Will an asteroid collide with Earth in 2029? Animation shows result

As it does on average every eight years, asteroid 99942 Apophis will pass by Earth in April 2029, and, due to the (unfounded) risk of collision with our planet, it always causes a lot of commotion on social media. This time, it was due to an animation recently shared on Facebook by the Cosmoknowledge page.

The animation is a diagram of the next passage of the so-called Doomsday Asteroid, which will reach its maximum point on April 13, 2029, when it will be, according to NASA, 32 thousand kilometers from the Earth's surface. Closer than some geostationary satellites, the object can be seen with the naked eye, but only in the Eastern Hemisphere.

In fact, says NASA, there is not the slightest risk that the 340 meter asteroid will hit our planet, not in five years, and not in the next approach in 2036. However, as the shared video shows an apparent shock trajectory, ending up triggering what is known as a “flea behind the ear”.

Recalibrating NASA's asteroid calculations

When it is said that the asteroid will pass close to Earth, this is in cosmic terms, not in everyday terrestrial distances. Although there was an estimate that a real collision could occur in 2068NASA astronomers recalibrated their calculations during the last Apophis flyby in 2021, and radar observations showed no risk of impact “for at least the next 100 years.”

If there is, at least for now, no risk of Apophis colliding with Earth, this does not mean that there is not great scientific interest. Therefore, NASA's Small Body Assessment Group (SBAG) recommended that the agency send a spacecraft to visit the asteroid before it approaches our planet in 2029.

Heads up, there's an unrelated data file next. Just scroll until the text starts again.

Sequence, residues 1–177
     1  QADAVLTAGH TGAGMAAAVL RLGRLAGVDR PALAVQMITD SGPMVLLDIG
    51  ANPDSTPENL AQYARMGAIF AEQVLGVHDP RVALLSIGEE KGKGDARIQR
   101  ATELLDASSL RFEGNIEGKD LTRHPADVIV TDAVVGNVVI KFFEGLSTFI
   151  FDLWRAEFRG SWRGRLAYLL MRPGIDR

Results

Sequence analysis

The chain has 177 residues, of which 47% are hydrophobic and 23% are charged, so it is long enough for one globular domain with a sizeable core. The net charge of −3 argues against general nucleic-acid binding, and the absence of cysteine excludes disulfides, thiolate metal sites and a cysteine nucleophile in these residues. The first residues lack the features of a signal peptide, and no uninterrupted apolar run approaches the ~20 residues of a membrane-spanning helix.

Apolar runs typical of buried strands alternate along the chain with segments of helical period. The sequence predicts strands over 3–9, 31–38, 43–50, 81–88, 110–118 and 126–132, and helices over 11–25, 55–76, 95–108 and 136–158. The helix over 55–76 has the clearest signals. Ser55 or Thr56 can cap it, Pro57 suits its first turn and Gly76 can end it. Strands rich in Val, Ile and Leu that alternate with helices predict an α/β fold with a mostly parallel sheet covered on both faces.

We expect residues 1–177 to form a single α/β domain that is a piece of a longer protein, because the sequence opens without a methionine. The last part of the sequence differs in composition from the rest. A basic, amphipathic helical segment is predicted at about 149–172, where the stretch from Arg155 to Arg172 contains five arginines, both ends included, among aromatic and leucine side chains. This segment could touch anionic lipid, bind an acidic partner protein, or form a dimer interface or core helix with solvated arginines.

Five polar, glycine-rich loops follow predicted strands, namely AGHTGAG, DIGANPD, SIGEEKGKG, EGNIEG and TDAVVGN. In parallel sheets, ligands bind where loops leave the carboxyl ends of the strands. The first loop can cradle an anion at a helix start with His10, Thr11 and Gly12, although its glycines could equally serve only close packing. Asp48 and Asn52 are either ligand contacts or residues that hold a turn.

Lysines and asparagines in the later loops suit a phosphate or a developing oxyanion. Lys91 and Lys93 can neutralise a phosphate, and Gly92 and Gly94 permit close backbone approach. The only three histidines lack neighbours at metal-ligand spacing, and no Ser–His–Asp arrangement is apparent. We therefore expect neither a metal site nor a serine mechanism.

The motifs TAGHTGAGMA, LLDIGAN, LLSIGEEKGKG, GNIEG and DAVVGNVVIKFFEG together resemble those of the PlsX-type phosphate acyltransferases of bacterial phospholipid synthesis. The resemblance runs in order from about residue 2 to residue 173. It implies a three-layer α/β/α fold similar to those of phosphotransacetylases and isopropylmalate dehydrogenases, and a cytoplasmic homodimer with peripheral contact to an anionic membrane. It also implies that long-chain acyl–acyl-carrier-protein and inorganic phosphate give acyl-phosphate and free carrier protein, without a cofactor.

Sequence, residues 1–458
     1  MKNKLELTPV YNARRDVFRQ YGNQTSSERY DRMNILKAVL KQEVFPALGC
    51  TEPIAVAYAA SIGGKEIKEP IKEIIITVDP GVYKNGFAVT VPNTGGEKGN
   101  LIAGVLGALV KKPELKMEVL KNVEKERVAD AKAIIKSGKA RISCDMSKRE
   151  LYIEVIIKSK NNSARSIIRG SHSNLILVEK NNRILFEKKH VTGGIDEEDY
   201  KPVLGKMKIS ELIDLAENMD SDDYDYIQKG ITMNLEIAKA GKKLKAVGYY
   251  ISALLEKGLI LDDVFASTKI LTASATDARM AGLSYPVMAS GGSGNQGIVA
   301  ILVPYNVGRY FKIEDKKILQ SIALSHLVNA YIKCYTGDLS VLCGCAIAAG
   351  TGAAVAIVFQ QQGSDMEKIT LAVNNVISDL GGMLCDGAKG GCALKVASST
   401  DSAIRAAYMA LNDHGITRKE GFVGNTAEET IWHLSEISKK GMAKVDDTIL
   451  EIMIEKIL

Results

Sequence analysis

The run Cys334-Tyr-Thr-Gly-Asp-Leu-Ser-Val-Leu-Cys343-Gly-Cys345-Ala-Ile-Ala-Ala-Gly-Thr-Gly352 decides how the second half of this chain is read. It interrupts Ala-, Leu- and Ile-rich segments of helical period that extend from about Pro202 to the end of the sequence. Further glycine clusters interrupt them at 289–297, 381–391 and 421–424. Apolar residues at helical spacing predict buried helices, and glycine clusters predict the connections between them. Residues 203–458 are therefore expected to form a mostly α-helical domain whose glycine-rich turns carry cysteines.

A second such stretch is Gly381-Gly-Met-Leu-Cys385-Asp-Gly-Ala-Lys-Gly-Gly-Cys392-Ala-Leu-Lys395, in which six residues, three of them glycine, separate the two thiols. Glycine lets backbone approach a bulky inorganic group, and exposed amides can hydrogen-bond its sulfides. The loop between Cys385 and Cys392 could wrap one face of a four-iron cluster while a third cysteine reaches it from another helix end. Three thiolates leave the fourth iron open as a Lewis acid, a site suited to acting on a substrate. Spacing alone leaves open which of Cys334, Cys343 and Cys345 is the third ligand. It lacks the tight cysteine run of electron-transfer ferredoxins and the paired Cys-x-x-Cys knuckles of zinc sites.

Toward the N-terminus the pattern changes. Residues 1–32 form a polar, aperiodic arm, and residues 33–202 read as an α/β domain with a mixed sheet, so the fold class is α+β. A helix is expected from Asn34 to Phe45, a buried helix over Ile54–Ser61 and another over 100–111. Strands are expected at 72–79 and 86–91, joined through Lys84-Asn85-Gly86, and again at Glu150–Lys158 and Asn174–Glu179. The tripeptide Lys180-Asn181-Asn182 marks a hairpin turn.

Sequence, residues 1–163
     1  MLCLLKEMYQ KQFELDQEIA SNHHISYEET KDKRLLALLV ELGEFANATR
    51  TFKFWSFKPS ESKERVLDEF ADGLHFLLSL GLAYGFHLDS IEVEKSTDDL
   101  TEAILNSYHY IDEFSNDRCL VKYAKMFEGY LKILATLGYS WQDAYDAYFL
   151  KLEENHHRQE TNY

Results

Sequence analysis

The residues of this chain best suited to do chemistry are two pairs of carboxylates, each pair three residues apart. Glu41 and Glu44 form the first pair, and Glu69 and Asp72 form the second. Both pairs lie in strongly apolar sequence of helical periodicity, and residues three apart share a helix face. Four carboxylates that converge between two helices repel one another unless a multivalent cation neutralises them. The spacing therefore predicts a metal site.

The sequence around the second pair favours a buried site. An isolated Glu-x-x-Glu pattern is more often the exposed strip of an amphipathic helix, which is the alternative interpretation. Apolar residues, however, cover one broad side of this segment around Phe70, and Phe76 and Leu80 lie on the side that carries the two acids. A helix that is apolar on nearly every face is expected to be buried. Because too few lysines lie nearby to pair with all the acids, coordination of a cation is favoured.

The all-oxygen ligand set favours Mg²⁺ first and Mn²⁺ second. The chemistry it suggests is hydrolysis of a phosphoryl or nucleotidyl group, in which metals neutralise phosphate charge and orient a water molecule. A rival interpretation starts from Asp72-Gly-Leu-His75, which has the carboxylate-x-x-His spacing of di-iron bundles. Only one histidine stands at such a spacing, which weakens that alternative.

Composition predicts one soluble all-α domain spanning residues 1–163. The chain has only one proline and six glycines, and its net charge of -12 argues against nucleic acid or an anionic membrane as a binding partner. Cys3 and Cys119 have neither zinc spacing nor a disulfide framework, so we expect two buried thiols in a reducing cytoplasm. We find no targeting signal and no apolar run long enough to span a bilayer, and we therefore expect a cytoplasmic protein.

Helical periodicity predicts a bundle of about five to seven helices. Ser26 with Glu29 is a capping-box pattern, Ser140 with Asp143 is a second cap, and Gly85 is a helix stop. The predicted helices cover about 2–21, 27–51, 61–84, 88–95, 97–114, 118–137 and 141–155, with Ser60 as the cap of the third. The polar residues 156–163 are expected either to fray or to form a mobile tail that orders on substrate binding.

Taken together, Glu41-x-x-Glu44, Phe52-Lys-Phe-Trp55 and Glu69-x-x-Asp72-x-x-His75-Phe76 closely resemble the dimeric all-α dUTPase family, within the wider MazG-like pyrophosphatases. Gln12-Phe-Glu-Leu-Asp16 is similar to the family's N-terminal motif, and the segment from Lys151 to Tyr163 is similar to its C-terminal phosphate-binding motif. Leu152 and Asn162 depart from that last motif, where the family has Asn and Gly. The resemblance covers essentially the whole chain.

NASA will send a probe to Apophis

At the meeting, held in July 2023, the minutes of which were only recently published on the Space Policy Online website, SBAG “encourages NASA to pursue a mission opportunity, achievable within available resources, to explore Apophis prior to its close approach the land”.

Therefore, the OSIRIS-REx probe, the one that collected material from the asteroid Bennu in 2020, and delivered the samples to Earth in September last year, is expected to embark on an extended mission on Apophis. Changing its name to OSIRIS-APEX (initials for Apophis Explorer), the idea is for the spacecraft to orbit the asteroid for 18 months.

SBAG says the data obtained “will provide a thorough investigation of this remarkable opportunity to quantify and understand real-time the consequences of planetary tides on the evolution of asteroids and collect important information about the interior structure of Apophis”.

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